Today I saw in Google news, in my LinkedIn feed, and all over the net that Medtronic just got the first artificial pancreas (AP), well of course more properly a closed loop system, approved by the FDA. This is of course great news! A virtual cure for diabetes (at least if you are willing to constantly monitor and change sensors, calibrate the device, keep the insulin chamber filled etc.)! It has been a long time coming, and will no doubt help many attain better diabetes management, avoiding serious short and long-term complications. This could be fantastic for young children, the elderly, and those who struggle to maintain glycemic control. That being said, in a broader sense I have my concerns. Not because it is a bad idea, but because of the larger context of lifestyle related illness, financial profit, and the role of technology in our lives.
Health as a person with diabetes is much more than getting the right amount of insulin. It is about having a healthy lifestyle, the same as for every living creature on the planet. People all over the world are suffering from lifestyle-associated illnesses related to stress, poor diet and insufficient exercise. Pharmaceuticals are not the solution to all these problems, even when intelligently delivered, and I doubt they ever will be. I have concerns that systems like the AP, especially for those who have lifestyle related illnesses like T2 diabetes could detract from the urgent need to have more walkable cities, healthier foods, more active jobs, and a more sustainable society in general.
Putting the whole world on insulin not to mention anti-depressants, opiates, activity suppressants, etc. do nothing to address the root problems. Study after study has shown lifestyle interventions to outperform medications in treating T2 diabetes and aspects of chronic depression. While the Medtronic AP is being marketed initially to the T1 community, the big money is in T2, and that strategy is already being pushed. We are talking an over $6k device, thousands of dollars a year of sensors and cannulas, and thousands of dollars a year of ever more expensive insulin. Not to mention what Glucagon will cost, when the dual hormone AP gets approved. I fear a society of people slaving away at machines, so they can pay for their complex mixes of injected hormones, antibiotics, and mood enhancers. Some might argue we are already there.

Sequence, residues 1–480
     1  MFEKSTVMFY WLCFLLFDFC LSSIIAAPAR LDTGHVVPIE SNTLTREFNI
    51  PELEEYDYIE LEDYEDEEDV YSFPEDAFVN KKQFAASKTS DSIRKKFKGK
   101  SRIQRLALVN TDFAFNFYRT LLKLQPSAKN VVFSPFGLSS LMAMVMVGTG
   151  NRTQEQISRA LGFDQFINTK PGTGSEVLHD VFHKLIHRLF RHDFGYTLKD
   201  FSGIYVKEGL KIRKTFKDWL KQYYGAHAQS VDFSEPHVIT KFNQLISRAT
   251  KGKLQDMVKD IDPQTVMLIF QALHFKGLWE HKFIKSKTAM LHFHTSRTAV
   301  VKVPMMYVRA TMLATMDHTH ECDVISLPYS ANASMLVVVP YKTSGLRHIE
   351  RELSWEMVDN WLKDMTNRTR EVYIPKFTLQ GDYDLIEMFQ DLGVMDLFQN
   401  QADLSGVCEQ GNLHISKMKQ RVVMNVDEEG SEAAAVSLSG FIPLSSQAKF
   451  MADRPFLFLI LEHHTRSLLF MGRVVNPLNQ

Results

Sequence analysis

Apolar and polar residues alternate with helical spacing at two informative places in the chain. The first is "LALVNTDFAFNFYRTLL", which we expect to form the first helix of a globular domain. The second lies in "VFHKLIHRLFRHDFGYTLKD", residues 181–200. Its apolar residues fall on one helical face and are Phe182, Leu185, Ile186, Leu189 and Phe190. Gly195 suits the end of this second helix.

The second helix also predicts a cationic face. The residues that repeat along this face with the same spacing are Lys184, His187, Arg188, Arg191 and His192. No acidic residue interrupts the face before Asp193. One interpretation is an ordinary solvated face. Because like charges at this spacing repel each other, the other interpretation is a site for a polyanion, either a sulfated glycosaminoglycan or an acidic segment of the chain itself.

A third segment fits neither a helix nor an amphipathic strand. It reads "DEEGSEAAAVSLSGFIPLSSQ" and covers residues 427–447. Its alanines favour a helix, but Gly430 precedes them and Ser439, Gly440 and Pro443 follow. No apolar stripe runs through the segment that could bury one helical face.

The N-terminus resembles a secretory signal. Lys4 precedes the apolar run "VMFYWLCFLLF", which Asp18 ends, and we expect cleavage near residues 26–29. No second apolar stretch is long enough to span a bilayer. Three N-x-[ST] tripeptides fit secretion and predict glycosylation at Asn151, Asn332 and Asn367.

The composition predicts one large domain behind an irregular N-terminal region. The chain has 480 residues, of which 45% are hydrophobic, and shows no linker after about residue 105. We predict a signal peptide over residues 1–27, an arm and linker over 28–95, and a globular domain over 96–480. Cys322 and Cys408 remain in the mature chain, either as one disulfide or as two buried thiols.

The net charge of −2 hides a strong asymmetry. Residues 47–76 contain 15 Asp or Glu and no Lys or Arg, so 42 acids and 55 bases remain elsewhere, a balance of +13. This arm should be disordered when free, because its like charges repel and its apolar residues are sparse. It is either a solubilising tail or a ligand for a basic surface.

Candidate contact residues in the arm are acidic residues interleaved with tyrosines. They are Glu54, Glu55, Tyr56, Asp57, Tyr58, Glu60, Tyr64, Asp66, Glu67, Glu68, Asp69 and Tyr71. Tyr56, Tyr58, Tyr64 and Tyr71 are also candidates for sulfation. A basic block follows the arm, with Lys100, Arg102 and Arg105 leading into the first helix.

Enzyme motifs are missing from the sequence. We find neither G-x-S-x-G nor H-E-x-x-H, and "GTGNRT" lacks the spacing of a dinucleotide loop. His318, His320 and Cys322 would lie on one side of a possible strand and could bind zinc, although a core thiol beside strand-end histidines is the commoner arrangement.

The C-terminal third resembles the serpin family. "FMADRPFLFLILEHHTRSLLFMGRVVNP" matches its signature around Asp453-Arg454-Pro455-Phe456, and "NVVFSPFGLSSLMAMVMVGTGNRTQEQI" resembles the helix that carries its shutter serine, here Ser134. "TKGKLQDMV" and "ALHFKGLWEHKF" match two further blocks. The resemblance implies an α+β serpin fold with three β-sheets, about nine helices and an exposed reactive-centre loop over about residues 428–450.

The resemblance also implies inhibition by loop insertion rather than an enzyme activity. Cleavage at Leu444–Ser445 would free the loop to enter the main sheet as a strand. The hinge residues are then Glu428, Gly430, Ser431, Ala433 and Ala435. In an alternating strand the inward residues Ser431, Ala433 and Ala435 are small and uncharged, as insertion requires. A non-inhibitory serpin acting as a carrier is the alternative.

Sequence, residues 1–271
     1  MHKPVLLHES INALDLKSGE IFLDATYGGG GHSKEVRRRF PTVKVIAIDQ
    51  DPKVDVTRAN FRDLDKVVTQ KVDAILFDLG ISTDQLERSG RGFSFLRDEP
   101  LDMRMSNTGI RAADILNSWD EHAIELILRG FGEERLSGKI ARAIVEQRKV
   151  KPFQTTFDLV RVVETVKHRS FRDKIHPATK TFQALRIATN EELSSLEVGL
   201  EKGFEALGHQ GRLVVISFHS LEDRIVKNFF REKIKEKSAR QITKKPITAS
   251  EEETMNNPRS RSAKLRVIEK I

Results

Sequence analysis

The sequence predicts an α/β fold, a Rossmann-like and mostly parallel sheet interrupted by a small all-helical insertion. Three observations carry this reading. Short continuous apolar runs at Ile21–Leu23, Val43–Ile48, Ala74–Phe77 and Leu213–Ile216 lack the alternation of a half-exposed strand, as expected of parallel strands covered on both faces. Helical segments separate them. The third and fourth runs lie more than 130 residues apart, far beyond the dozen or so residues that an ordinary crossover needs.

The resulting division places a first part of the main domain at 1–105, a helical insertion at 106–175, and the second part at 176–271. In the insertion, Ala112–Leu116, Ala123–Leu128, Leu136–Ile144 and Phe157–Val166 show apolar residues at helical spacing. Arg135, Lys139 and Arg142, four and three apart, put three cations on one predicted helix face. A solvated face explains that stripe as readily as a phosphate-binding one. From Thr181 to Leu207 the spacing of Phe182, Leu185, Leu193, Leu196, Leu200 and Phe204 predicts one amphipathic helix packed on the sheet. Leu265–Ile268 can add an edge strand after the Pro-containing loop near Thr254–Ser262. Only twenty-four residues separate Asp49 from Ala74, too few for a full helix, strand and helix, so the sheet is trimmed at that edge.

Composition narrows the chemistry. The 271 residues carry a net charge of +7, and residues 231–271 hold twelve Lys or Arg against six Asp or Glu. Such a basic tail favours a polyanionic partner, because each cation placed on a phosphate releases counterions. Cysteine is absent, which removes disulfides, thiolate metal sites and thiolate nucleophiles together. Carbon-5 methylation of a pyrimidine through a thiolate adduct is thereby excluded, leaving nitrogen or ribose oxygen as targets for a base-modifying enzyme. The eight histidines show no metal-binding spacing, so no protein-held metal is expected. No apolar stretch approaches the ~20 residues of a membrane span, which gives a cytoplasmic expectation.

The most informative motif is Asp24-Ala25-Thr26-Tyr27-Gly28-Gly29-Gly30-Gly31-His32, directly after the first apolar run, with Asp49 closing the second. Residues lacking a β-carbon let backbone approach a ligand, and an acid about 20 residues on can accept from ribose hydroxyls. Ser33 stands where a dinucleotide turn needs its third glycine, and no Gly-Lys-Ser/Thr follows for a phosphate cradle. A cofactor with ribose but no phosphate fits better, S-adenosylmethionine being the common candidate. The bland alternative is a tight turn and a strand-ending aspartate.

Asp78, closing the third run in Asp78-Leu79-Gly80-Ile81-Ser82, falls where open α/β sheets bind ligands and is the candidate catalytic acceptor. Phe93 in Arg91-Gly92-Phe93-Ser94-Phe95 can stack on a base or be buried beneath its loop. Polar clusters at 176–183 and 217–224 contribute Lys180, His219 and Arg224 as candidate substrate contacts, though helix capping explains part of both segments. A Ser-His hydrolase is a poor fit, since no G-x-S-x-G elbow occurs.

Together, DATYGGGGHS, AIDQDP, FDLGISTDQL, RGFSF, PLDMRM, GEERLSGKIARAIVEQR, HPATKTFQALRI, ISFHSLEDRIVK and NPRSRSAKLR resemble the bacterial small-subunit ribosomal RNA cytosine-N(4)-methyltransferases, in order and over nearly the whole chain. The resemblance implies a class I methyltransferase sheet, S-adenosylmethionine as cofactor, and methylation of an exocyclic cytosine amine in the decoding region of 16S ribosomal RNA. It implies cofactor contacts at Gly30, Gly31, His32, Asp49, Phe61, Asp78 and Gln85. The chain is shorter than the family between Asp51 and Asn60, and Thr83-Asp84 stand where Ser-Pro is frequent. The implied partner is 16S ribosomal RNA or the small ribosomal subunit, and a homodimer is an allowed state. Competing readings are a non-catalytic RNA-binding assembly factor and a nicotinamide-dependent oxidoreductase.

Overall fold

I am not against tech, and as a person with T1 diabetes, I depend on it every day. However, as we develop technologies that integrate deeper into our body processes, there is much to consider. E. M. Forster over a hundred years ago wrote “The Machine Stops.” This dystopian short story proposed a world where inhabitants communicated through video and text messages instead of personal contact, and had all their physical needs met through a smart environment. In time they came to worship the machine as a god, and perished in mass when it stopped functioning.
So is the AP a great leap forward? For some people this device will be life changing. Who knows, in time I might be using one myself. But we must be careful to consider the implication of what we are doing, and to not fix our problems by creating even greater problems. Those of use who seek to design such systems have the responsibility to consider how to preserve user autonomy as we ask users to turn over daily decision making to computational devices.
So onward with technology, and thanks to Medtronic for bringing the first AP onto the market, but we must not become so enamored by what we can do, that we lose sight of where we want to go.